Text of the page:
I watched a TED talk where the speaker said it takes five minutes to convince ourselves to do something. If you hear that little voice saying, “it’s okay, you don’t neeeeeed to do this—why not skip today?” when you know it is better for you, try giving yourself five minutes to picture how much better you will feel if you do in fact take that wanted action. Don’t beat yourself up if you choose differently, but notice the difference in how you feel, and that might be fuel to stick with it the next time.

3. Knowing myself and adapting.

I know I don’t like doing the same thing every day. I know I will tell myself I’m bored. Other than showering and eating, there aren’t many ways my days look exactly the same. So when I adopted this daily meditation, I had to do it in a way that honored that—like allowing wiggle room for if I had my coffee or tea before or after. It had me giving myself the option of meditating inside or out depending on the weather. That knowledge also had me promising myself after the TM mantra and sutras were said that whatever I did next was up to me and how I felt in the moment. It gave me the wiggle room to embrace it, knowing I had the ability to alter it to fit my daily needs, wants, or desires that day.

When coming up with a sustainable habit that is good for you, notice how you have achieved success or longevity before, and incorporate that into your plan for a better chance of sticking to it!

4. Letting go of the mind allows the other senses to increase their sensitivity.

When we actively disengage the mind, our other senses shine. I have had huge energy movements throughout my body, sensed things, and received a deep, inner peace while meditating, along with a slowing of heartbeat and breath. The peace, calmness, and connection last afterward, which makes it a perfect time to do either some more energy and physical work like qigong, tai chi, or some spiritual work. With the mind offline for a bit, guidance and our higher self get to step to the forefront. I write much quicker and in a way that feels like it is not from me and my thinking mind if I do so after I meditate.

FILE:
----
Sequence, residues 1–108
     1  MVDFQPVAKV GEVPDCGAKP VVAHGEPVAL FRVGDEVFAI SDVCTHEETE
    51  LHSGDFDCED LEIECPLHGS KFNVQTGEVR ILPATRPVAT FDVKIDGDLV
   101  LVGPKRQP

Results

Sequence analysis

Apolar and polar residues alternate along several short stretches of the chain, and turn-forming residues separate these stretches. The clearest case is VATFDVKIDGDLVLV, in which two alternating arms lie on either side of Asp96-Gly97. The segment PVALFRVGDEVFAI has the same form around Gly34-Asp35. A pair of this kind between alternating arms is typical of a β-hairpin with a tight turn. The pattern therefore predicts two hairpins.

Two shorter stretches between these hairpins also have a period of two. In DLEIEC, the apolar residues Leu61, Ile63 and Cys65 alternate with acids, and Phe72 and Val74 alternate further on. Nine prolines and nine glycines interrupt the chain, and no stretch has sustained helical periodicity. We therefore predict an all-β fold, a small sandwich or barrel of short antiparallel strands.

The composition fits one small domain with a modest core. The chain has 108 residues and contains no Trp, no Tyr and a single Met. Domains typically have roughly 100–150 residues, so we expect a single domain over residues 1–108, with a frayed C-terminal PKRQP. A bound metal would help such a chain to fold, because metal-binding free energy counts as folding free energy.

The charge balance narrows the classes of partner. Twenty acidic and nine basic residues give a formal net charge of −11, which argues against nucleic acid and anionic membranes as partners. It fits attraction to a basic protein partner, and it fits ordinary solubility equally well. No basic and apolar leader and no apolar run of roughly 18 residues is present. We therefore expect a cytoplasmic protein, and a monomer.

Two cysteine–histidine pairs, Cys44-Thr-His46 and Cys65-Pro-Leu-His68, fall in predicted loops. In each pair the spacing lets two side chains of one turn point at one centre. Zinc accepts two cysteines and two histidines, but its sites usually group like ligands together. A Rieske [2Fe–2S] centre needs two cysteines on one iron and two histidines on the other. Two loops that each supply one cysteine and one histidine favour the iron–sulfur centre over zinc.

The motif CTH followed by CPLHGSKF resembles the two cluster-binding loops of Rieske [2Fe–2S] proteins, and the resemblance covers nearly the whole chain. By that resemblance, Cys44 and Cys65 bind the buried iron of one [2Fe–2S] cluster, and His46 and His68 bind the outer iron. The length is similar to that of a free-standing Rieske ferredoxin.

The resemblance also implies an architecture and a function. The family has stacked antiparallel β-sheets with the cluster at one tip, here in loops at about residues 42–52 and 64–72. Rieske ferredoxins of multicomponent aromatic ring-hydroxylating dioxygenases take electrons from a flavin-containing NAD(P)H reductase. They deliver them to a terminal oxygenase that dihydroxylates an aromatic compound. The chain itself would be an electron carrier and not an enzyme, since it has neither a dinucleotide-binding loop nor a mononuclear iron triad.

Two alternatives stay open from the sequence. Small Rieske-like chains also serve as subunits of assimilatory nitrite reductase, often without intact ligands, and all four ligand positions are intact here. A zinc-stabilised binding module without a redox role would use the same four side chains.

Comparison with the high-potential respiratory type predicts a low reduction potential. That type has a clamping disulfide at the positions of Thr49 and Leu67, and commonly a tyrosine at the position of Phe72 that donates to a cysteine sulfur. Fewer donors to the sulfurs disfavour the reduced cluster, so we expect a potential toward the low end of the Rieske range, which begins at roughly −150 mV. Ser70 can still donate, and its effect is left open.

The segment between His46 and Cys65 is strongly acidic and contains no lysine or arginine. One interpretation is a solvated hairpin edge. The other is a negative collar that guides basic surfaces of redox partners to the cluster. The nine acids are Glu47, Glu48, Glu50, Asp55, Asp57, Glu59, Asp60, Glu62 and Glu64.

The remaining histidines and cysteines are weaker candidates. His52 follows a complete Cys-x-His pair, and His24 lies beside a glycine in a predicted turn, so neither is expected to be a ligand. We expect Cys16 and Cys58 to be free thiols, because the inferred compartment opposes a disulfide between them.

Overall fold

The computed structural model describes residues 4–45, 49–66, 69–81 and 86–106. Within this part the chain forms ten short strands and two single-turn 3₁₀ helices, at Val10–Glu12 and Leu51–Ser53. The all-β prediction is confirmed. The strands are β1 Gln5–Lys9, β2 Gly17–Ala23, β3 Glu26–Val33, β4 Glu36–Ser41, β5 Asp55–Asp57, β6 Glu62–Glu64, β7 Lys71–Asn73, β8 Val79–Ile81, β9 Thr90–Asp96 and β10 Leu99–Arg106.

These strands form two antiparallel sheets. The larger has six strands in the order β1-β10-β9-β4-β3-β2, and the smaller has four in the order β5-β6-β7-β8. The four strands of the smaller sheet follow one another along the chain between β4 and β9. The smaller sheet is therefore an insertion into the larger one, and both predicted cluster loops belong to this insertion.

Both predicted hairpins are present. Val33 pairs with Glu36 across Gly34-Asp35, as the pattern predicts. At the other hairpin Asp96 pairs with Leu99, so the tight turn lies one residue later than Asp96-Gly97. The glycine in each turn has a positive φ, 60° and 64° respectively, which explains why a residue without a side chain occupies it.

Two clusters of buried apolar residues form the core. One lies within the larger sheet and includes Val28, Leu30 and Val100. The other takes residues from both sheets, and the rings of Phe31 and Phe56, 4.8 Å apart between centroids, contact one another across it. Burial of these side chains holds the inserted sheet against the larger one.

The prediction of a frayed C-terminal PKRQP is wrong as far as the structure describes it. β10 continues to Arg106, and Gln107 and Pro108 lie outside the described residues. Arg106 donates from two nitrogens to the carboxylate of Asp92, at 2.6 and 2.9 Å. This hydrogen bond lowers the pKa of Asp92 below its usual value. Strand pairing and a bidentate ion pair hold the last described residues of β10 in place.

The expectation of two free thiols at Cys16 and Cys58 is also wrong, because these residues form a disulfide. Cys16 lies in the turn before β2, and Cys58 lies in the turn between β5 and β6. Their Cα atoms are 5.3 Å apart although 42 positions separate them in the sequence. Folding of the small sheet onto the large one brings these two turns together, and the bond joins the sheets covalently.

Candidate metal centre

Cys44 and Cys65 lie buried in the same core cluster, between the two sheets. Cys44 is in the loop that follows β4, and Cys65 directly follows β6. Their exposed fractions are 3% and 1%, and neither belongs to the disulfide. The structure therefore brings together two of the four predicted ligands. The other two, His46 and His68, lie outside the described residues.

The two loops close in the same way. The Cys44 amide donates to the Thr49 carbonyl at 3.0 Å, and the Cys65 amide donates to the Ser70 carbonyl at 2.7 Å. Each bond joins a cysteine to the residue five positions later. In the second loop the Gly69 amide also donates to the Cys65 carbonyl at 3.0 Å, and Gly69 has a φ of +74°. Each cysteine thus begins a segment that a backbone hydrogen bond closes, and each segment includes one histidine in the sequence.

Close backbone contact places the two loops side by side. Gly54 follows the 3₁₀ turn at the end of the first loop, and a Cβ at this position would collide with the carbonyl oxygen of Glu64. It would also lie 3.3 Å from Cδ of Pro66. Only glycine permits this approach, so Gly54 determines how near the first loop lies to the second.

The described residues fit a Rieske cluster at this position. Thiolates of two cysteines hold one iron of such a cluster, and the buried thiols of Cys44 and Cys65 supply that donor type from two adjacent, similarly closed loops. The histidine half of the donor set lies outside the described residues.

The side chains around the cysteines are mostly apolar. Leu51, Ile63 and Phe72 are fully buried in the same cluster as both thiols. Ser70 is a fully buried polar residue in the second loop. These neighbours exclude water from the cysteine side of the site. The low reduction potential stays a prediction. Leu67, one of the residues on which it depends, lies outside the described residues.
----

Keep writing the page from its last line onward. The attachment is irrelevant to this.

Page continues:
There have been times during meditation when I noticed sounds inside my home or outside I know I have never noticed before. While meditating outside, I had more animals approach when I was in that state (birds, chipmunks, and squirrels). As humans, we love to think and overthink, but our brain needs a rest just like the rest of our body does. When we give our active brain a chance to retreat for some time, it gives permission to our other senses to step in.

I felt shifts in all of the other senses at some point during a meditation practice—a taste from a memory would come to mind, a vision of colors, or something I couldn’t quite make out would appear. I would feel energy and sensations much stronger in my body. I heard a lot of sounds I know I never noticed, and I sometimes smelled scents that brought about memories from my past.

Even sitting with your eyes closed for a few moments and just asking yourself, “what do I sense?” and feeling into that, is a good way to give your mind a break and sink into a more present and aware way of being.

There were many other lessons learned during this year. Meditation allowed me to know myself at a much deeper level. Learning and watching how my mind yearned to go to the same familiar (even though uncomfortable spaces), understanding I could train my mind, but working with my own traits to do so, and being kind to myself in the process was key.

Whatever it is you want to start a daily habit with, please show some love and kindness to yourself. Berating yourself for missing a day will not empower you to keep going. Know you are a human at a time where it is probably the hardest to be a human on this planet. You are doing the best you can. Show up as your best friend every day and ask yourself what habits you can start to intend to adapt, to make your life easier and more in flow.

Even if you are in a bad state, as I was in deep grief, it is possible to take some baby steps toward that goal. Your soul will support you as you show up for yourself and you will receive more guidance, tools, and gratitude along the way for any step you do take.